Saturday, 4 September 2010

All change

Just about the only thing you can be sure of in life is that nothing stays the same forever.  Locally, the area in which we live has been undergoing change quite rapidly, although we've been spared the traumatic wholesale clearances often experienced by those who live in the cities.

On the web, things have been changing across the past couple of years, too, and the Llandudno Local forum's chequered past has finally been resolved through a move which sees the creation of a brand new local forum, the Three Towns forum.  Run by those who have managed the old Llandudno Local forum over the past twelve months, this new forum sees the closure of the old one, which Kindways - the Computer Repair Centre in Trinity Avenue, Llandudno - have generously hosted for over a year, and the opening of the new Three Towns project, which seeks to provide a free-to-use forum for all those on the internet in Llandudno, Colwyn Bay and Conwy.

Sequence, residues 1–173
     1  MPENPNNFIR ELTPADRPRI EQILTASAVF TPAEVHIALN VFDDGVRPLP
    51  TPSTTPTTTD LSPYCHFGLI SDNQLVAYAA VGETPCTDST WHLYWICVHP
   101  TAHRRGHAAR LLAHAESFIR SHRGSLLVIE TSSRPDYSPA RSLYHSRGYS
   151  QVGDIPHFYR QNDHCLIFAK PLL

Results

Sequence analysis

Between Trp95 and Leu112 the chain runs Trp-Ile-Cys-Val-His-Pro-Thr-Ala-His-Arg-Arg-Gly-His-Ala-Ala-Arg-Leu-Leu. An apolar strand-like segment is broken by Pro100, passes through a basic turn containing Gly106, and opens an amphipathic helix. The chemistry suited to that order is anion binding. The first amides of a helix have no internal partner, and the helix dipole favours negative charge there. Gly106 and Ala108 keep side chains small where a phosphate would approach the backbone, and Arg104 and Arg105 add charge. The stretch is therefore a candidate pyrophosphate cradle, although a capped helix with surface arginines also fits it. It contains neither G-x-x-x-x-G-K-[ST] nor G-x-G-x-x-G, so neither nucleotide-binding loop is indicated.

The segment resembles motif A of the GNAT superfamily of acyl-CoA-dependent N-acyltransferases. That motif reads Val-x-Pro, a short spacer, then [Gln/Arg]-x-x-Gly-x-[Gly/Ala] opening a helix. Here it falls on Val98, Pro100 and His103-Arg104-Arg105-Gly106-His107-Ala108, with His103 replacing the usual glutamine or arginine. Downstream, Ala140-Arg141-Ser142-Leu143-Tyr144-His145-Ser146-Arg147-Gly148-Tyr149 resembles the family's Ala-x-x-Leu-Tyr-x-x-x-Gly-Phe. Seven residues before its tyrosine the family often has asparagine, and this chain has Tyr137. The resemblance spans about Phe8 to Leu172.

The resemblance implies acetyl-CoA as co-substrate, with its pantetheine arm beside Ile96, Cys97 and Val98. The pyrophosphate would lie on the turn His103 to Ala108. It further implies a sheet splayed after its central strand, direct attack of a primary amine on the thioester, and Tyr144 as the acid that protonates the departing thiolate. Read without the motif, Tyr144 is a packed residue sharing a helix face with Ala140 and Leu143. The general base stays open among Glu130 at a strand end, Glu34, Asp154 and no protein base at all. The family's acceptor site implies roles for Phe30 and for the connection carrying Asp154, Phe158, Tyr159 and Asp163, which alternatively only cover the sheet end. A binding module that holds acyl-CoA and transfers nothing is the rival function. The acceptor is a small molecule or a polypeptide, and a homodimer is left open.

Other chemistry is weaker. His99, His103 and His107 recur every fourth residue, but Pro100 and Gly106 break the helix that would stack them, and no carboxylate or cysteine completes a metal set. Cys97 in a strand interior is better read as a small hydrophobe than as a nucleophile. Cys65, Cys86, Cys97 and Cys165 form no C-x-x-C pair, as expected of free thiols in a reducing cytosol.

The new forum will retain the old forum postings as an archive on the same site but will run under a simpler and more effective software system, which is widely regarded as one of the best around.

Wednesday, 18 August 2010

Going off the rails

It took a year, but the report about the derailment last August of the Trams on  the Orme is finally out.  And it makes worrying reading. From the report:

Immediate cause
71    The immediate cause of the collision was the lower points moving under tram 6 directing its rear into the path of tram 7 (paragraph 34 and Recommendation 1).
Causal factors
A causal factor was the wheel forces overcoming the tumbler’s holding force and changing the position of the points (paragraph 37 and Recommendation 1). This was a result of three factors:
l the effectiveness of the holding force on the points had reduced due to wear and degradation of the points (paragraph 46);
l the points did not have a facing point lock (paragraph 54), and l there were no procedures in place to routinely measure the condition of, or undertake remedial actions upon, the points (paragraph 56).